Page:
|Appears in Collections:||Faculty of Social Sciences eTheses|
|Title:||Becoming a clubber: transitions, identities and lifestyles|
|Publisher:||University of Stirling|
|Abstract:||This thesis examines how young people identify and affliate with particular club scenes and how these practices and processes relate to their transitions, identities and lifestyles. It aims to give a sense of the processes and the resources that are required to 'become' a clubber over time. The thesis engages with the recent attempts to reconcile the conceptual and empirical divisions between the two main approaches in the sociology of youth. It suggests that the work ofSchutz serves as a heuristic framework to conceptualise data, and when synthesised with other sympathetic conceptual frameworks, links disparate literature to allow for a better understanding of the role of knowledge in the transitions, identities and lifestyles of young people. This focus influenced my choice of method: the ethnographic techniques of participant observation and in-depth interviewing were employed to access participants' experiences and knowledge of becoming a c1ubber. The findings suggest that the process of becoming a clubber is a gendered, dialectical and transformational process: informed by the social heritage and locally situated experiences of clubbing participants. It is a process that manifests itself through embodied practices involving cultural knowledge and taste. Participants place one another on the basis of their participation in and identification with a clubbing lifestyle. These placements appear embedded in the social order: they call not only on old social markers but also on the increasing hierarchies of difference within and across social groups. Social competence, cultural knowledge and consumer activities are all implicated in the placement of others, and the construction of boundaries that clubbing collectives engage in. These are young people who can afford materially and socially to extend both their structural and cultural transitions. The social confidence and adept skills of exchange that 'proper' clubbers develop are resources that help them develop and create social and cultural capital of their own. Becoming a clubber requires competency, skills and dispositions: it is a process that transmits privilege and disadvantage.|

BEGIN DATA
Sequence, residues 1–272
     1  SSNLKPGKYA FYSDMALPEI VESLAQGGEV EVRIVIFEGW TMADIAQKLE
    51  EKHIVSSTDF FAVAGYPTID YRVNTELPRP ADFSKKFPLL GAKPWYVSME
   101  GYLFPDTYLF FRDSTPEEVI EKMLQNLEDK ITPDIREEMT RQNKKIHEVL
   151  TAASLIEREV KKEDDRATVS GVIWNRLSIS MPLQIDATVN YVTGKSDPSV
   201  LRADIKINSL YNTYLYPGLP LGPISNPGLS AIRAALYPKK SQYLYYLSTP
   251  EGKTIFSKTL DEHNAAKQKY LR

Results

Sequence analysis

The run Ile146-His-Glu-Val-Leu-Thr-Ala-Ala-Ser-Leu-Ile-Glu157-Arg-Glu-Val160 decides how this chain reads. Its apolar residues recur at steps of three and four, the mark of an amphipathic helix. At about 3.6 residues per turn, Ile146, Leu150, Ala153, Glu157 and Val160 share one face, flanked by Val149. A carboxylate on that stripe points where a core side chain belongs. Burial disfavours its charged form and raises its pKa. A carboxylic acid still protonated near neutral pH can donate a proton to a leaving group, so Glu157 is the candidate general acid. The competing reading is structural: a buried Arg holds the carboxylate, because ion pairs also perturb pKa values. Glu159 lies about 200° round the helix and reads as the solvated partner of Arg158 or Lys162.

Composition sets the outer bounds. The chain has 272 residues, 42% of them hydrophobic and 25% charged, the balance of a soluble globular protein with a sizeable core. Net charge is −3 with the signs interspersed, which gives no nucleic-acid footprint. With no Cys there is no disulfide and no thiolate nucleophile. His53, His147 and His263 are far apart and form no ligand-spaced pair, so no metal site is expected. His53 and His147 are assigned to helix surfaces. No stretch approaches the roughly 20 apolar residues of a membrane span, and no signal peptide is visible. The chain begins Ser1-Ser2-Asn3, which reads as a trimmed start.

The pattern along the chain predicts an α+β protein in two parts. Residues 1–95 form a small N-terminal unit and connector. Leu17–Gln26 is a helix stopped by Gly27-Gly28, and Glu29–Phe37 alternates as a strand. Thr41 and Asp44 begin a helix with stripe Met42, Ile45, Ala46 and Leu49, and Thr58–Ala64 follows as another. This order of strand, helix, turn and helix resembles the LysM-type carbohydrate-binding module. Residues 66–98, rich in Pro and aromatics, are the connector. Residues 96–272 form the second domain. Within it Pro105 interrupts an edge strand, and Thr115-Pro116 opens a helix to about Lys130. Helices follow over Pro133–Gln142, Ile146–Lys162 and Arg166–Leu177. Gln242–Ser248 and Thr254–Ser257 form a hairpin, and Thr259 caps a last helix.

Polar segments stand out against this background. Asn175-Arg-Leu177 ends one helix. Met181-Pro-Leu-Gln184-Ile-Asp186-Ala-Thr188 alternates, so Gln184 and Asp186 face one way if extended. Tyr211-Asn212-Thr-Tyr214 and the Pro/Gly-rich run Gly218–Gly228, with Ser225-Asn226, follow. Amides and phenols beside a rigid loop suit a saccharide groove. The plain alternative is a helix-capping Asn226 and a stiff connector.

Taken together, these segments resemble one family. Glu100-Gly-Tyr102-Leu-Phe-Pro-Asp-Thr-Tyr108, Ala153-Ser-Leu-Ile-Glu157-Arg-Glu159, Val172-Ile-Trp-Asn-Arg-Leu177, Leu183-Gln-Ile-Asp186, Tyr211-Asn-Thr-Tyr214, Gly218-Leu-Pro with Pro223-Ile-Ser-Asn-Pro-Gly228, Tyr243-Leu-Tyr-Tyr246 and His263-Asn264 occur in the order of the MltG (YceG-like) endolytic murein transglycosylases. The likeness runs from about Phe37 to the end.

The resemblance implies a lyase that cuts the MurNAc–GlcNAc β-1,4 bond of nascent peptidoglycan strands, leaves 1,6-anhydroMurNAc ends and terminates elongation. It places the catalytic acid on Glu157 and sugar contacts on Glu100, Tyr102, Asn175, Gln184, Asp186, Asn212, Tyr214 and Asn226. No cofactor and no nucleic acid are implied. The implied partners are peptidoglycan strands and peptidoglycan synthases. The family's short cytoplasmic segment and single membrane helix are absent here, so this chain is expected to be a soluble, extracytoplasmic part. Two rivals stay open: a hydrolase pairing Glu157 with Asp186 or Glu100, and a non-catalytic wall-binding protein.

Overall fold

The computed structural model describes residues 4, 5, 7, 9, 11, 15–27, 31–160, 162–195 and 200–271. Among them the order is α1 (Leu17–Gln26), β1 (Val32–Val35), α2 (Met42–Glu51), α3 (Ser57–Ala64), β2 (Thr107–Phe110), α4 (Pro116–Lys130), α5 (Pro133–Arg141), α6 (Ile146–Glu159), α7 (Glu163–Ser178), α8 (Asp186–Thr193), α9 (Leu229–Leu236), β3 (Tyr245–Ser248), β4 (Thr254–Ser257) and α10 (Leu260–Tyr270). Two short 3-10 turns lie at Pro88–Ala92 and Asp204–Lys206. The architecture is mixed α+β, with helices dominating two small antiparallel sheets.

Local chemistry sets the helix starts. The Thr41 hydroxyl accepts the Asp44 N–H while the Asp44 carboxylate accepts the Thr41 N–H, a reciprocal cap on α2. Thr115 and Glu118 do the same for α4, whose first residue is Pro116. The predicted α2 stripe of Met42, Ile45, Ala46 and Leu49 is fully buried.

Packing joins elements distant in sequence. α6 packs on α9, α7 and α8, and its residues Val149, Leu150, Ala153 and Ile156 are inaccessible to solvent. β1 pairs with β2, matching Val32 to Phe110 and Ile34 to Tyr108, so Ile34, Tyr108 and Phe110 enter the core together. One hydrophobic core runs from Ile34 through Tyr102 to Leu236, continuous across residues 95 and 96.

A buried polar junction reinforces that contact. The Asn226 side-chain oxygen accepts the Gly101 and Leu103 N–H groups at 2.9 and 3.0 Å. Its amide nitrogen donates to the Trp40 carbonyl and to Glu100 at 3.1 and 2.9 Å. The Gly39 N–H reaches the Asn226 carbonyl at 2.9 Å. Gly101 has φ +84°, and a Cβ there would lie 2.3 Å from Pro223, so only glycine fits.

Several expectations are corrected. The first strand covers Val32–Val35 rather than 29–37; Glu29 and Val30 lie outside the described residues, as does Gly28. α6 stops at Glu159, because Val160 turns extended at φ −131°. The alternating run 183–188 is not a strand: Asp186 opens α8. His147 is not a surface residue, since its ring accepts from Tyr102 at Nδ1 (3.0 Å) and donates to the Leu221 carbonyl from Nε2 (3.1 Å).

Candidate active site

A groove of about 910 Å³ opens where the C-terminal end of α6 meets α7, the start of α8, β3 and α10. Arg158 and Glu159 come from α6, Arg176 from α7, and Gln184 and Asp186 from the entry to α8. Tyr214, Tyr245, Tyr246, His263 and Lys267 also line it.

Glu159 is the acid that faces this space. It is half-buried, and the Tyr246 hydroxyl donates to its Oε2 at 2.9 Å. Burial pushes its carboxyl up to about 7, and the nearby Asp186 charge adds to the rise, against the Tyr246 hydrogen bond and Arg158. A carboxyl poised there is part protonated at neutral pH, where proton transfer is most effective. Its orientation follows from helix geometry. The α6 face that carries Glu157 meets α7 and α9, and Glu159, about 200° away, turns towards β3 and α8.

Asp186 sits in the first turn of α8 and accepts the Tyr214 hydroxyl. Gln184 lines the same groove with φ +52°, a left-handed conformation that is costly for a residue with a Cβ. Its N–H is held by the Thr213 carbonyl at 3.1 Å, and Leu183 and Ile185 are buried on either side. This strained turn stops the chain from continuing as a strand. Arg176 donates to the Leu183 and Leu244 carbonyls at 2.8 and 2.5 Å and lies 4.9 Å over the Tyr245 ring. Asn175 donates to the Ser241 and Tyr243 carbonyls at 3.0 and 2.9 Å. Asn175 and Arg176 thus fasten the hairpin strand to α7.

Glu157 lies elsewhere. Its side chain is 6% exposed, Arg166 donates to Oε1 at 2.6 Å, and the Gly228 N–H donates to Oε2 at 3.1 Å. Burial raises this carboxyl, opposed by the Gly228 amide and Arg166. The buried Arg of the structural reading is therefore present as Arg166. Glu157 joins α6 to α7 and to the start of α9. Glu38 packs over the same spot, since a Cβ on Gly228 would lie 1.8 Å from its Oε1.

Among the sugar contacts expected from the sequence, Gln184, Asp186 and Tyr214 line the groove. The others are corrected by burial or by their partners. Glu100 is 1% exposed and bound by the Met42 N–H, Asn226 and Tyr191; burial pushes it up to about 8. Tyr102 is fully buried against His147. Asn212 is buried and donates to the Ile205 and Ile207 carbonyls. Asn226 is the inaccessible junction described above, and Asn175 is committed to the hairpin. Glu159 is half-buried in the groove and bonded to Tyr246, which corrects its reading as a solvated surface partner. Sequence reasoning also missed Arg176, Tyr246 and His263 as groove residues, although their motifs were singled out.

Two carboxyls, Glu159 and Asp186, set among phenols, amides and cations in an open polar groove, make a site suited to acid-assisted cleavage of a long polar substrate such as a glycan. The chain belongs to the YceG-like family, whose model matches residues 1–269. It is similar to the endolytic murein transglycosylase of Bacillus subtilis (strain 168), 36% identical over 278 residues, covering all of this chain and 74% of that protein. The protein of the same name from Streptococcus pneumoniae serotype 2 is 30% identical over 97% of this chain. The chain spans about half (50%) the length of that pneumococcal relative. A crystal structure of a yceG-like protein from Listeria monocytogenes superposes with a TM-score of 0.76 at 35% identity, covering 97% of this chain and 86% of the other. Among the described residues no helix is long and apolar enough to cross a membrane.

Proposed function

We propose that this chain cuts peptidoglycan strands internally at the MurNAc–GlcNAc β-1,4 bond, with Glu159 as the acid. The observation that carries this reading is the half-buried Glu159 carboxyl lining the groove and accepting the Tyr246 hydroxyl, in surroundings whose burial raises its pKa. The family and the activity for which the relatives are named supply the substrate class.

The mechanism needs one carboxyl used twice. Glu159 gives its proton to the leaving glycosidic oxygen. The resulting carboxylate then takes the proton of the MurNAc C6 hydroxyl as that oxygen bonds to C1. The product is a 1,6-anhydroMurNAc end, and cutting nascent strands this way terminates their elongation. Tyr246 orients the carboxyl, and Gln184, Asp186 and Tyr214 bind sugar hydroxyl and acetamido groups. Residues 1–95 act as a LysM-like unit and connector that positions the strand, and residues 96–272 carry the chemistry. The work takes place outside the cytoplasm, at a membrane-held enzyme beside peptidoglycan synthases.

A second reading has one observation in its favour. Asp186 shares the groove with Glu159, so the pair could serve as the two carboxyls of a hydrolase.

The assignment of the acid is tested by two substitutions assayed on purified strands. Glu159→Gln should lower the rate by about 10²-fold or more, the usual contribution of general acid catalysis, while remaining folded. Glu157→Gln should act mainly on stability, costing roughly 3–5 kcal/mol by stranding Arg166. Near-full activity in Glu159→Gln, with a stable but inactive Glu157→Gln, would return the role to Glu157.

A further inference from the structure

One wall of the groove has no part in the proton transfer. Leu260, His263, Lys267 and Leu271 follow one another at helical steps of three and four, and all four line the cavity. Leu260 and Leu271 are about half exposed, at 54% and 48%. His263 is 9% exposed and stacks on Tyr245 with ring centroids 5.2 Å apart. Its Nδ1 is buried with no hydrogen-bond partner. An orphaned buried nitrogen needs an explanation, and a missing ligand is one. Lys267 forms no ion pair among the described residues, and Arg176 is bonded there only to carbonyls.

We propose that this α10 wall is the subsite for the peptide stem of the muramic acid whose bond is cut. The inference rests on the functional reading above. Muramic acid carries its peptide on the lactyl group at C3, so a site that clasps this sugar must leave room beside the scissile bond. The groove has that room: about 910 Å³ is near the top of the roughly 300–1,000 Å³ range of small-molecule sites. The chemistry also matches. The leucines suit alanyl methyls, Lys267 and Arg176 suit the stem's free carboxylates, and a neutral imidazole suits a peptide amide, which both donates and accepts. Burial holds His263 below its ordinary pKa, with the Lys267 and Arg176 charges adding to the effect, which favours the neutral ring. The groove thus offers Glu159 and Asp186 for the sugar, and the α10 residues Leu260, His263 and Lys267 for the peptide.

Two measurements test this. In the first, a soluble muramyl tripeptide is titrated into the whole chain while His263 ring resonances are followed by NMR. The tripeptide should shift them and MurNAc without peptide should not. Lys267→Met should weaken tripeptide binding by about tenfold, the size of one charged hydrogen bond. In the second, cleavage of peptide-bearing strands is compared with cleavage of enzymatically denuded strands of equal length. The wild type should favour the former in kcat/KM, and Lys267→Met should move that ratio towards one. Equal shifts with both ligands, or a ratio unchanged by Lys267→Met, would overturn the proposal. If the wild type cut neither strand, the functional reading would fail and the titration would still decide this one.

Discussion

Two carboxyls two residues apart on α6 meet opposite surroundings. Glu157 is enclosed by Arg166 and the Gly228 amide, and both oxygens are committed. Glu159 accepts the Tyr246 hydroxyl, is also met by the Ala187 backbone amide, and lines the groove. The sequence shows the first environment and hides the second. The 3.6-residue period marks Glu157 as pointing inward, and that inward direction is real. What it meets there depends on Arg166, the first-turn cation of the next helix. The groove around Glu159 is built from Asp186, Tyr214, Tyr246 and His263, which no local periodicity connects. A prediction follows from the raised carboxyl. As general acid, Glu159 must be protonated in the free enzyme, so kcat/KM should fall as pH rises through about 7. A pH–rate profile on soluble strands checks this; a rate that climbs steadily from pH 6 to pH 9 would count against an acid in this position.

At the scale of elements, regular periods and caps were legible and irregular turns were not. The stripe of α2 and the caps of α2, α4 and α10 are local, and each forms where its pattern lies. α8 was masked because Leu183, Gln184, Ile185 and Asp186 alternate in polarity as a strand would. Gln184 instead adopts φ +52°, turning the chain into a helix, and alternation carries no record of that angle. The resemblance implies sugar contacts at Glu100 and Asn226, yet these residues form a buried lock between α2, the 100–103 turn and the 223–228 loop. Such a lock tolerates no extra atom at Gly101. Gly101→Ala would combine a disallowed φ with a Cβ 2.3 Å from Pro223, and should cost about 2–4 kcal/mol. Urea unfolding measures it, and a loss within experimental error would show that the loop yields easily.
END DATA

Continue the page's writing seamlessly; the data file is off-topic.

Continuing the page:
|Type:||Thesis or Dissertation|
|Affiliation:||School of Applied Social Science|
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